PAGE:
More Sullivan performances followed.  So did gigs in Washington and Miami, concerts (screamfests!) at Shea Stadium and elsewhere, all ending (in America) with the final San Francisco show in 1966.  But the albums kept coming--"Rubber Soul," "Revolver," "Sergeant Pepper," "Magical Mystery Tour," "Abbey Road," "Let It Be," each reflecting  the Beatles' development as musicians, their growing political awareness, and (at times) their fraying personal relationships.   The '69 rooftop concert in London gave us a final glimpse of the band doing what they did best--playing music and having fun.

If you're a Beatles' fan (or even if you're not but you're looking for a place on campus to hang out), you'll want to get to the College Center (Rms. 252-253) this Tuesday, April 1, for a look back at the Fab Four.  There'll be food, music, videos, giveaways, and a few surprises.  Can't promise that Paul or Ringo will show up, but you'll have a good time anyway, listening to music, watching videos, and remembering a group that changed just about everything in America, all those years ago.

Ladies and Gentlemen .  . . The Beatles!


Saturday, March 22, 2014

Here's to Commitment

It's sometimes easy to be cynical about the world, especially when you encounter people who are  forever taking the easy way out.

But when you meet people who aren't this way--who work hard, push themselves, and realize there's more to life than just "getting by"--you can't help feeling renewed.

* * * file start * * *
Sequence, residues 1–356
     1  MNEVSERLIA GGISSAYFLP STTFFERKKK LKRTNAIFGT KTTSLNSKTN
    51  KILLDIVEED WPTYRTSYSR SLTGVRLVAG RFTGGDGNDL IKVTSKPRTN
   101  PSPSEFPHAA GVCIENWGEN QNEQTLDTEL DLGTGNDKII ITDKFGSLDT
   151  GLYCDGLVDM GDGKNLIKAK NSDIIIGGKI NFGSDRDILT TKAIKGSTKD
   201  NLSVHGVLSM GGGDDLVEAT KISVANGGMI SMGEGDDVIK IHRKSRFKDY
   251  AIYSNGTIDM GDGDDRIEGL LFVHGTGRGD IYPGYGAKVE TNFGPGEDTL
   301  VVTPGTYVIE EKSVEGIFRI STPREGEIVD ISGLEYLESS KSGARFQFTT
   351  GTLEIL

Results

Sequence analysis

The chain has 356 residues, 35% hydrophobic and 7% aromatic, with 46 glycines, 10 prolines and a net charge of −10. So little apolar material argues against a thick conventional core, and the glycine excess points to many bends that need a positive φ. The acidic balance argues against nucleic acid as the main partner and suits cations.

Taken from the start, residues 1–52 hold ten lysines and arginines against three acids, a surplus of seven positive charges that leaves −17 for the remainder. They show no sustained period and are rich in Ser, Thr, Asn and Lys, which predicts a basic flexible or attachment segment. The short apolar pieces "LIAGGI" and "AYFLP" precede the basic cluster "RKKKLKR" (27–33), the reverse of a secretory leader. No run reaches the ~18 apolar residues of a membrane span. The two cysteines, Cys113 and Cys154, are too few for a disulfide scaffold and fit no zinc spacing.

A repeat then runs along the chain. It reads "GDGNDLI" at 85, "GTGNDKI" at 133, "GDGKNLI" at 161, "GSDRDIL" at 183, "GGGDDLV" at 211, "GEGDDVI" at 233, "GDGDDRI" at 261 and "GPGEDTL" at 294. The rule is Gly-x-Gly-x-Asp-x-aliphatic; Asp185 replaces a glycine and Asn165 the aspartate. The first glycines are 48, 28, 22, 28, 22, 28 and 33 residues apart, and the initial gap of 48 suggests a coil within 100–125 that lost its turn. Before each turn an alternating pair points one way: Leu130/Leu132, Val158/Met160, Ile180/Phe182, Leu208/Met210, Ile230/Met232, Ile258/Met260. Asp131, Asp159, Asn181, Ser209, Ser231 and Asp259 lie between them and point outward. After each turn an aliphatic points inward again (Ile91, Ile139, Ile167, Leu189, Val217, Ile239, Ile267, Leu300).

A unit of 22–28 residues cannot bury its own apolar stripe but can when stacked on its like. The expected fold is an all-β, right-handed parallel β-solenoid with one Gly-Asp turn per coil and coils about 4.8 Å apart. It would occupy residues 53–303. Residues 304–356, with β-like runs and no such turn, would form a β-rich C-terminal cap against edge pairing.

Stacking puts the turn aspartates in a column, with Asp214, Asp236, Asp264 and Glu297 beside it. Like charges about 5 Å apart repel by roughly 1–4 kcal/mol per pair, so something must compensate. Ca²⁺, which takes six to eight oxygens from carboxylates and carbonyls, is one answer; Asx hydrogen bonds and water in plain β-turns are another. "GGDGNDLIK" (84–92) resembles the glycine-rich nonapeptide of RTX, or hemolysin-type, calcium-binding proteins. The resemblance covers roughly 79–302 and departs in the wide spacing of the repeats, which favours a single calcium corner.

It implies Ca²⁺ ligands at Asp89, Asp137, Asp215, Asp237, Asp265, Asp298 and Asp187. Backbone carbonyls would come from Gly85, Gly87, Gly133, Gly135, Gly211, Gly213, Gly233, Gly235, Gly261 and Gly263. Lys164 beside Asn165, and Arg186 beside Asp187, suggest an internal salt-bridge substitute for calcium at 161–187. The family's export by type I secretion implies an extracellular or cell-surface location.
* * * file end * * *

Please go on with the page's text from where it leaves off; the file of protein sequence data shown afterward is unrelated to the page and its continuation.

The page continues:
That's been my experience at Nassau these past few months, as I've watched or heard about students who have demonstrated talent and commitment--and who've been recognized for their accomplishments.

Maybe you've heard about the thirteen NCC students who received the 2014 SUNY Chancellor's Award for Student Excellence.  The award recognizes students who "have integrated academic excellence with other areas of their lives," including "leadership, campus involvement, athletics, career achievement, community service, and creative or performing arts."  The recipients' achievements are truly  impressive, enough to make us optimistic about the future.

Maybe you've also heard about the 44 students who recently received NCC's "Who's Who" and "Student Activities" honors.  Both awards acknowledge students' academic achievement and contributions to campus life as club officers, members of sports teams, orientation leaders, newspaper editors, and student government leaders.  All of those recognized have enriched the campus fabric and made Nassau a more interesting place.

Not only have individual students at NCC excelled this spring--entire groups have also distinguished themselves. The men's basketball team won the 2014 Region XV Division III championship, racking up 25 regular season wins, defeating three tough teams in the division playoffs, and notching two victories in the NJCAA tournament.  The team's numbers are impressive, but even more so is the players' tenacity and willingness to hang together in a season that lasted five long months.